Scandal on the Congressional Campaign Trail: Who Survived?

Maintained four rent-stabilized apartments in a Harlem apartment complex, one of which was used as his campaign office, despite city and state regulations that say such units are only to be used as primary residences.

Failed to disclose taxable income on a guest house he owns at the Punta Cana Yacht Club in the Dominican Republic.

Stored his old Mercedes-Benz for free in a House of Representatives parking garage for years, another violation of congressional rules.

In July, Rangel formally asked the ethics committee to investigate his use of congressional letterhead saying, "none of these letters made any reference to or in any way solicited financial contributions to the Center." He has said that he did not violate any ethics rules and that he would give up the rent-controlled apartment that he used as a campaign office. In regards to his apartment in the Dominican Republic, Rangel blamed "cultural and language barriers" for his failure to report $75,000 in rental income. When the New York Post confronted Rangel with the parking allegations, he said, "I told you I am not discussing that. I want to be kind and gentle -- please let me be."

Rep. William "Cold Cash" Jefferson (D-La.)

He may be facing a 16-count indictment, but Rep. Jefferson won a primary run-off election against Democratic challenger Helena Moreno. He is heavily favored to win the December general election, which was delayed due to Hurricane Gustav.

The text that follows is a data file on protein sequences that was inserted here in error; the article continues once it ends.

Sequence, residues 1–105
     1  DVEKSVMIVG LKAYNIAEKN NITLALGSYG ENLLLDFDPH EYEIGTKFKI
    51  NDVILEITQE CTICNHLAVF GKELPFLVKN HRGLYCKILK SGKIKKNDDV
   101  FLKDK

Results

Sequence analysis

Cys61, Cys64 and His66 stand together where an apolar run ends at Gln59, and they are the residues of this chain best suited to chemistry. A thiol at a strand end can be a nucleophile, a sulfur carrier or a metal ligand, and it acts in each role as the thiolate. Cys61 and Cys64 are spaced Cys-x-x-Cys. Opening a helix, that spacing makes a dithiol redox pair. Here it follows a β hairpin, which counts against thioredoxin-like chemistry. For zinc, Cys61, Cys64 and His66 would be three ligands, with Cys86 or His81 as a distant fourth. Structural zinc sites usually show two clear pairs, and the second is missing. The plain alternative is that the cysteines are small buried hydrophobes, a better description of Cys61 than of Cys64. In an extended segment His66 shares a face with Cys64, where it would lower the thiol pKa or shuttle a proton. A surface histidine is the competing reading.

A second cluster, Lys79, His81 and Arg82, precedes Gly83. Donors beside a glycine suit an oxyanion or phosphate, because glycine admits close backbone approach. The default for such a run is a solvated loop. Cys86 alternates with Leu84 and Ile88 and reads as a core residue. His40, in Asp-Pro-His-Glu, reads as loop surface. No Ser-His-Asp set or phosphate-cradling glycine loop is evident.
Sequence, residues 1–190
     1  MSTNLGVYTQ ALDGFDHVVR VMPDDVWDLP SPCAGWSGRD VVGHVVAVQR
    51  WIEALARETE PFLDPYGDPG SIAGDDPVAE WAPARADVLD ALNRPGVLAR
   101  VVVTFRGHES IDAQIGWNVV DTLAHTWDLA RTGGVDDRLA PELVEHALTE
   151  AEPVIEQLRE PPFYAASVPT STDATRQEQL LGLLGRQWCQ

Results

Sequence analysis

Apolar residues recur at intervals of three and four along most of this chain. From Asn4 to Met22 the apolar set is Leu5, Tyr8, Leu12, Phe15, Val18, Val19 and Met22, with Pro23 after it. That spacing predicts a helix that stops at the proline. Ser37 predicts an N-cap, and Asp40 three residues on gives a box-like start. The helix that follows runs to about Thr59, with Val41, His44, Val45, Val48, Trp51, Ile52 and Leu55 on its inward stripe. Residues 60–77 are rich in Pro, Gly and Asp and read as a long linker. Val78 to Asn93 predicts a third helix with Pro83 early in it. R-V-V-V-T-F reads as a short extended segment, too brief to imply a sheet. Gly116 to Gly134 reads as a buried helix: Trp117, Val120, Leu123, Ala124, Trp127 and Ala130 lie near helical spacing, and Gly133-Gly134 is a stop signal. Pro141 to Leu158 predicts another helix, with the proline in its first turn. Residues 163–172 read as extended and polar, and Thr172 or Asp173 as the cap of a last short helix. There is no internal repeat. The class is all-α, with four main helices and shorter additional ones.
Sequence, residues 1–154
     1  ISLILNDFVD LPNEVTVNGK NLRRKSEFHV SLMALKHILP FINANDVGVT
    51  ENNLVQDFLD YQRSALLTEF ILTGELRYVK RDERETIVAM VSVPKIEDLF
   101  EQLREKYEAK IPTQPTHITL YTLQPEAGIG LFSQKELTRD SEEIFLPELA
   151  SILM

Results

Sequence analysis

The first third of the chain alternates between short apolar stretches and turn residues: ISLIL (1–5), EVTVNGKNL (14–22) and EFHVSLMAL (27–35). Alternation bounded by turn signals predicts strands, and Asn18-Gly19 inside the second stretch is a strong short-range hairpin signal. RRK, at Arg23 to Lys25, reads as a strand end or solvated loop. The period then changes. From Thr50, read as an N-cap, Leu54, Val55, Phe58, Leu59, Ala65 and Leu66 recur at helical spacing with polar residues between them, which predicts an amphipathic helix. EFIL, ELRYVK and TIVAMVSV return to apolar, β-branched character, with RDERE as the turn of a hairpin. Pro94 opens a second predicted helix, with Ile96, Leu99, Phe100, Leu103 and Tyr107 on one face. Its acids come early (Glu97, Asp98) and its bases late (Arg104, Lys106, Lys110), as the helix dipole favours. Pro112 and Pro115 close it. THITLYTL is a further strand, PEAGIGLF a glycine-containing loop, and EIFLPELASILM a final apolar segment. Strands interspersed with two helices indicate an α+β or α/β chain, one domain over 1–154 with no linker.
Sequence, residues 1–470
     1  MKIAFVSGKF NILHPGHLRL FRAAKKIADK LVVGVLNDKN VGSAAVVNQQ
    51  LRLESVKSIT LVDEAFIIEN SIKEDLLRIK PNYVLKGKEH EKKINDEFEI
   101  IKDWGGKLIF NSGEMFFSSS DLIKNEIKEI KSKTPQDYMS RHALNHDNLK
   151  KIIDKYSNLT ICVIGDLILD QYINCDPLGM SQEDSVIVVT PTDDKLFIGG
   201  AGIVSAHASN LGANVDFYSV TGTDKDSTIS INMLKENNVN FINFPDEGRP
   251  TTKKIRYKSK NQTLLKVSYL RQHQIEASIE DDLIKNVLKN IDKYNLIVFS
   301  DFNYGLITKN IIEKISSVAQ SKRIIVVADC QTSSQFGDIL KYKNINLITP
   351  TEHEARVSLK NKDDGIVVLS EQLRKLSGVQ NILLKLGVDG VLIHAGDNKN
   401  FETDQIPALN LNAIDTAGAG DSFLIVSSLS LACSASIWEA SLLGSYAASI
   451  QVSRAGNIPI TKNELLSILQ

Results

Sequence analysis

Jefferson was indicted last year as part of a corruption probe on 16 charges, including racketeering, solicitation of bribes, money laundering and obstruction of justice. Jefferson pleaded not guilty and is expected to go to trial late this year. If convicted on all charges, he could face 235 years in prison.

In court papers, FBI agents say Jefferson was videotaped accepting marked money supposedly to pay a bribe to a Nigerian official. The FBI says $90,000 in marked money was found in Jefferson's freezer during a raid.

Jefferson represents New Orleans and in 2005 ABC News reported that amid the chaos after Hurricane Katrina struck, Jefferson used National Guard troops to check on his property and rescue his personal belongings -- even while New Orleans residents were trying to get rescued from rooftops.

Rep. Tom Feeney (R-FL)

Rep. Feeney will not serve a 4th term in Congress after losing his seat to Democrat Suzanne Kosmas. With almost all precincts in his Florida district reporting, Feeney only managed to capture 41 percent of the vote, compared with Kosmas' 57 percent.

His constituents were apparently unwilling to forgive the "rookie mistake" that Feeney admitted to making when he made a trip overseas in 2003 that was paid for convicted lobbyist Jack Abramoff. The two other politicians trip on the trip, Bob Ney of Ohio and former House Majority Leader Tom Delay, have faced troubles of their own because of connections to Abramoff. Ney pled guilty to federal charges and served 17 months in prison, while Delay has been indicted in Texas on unrelated charges for allegedly violating election fundraising laws.

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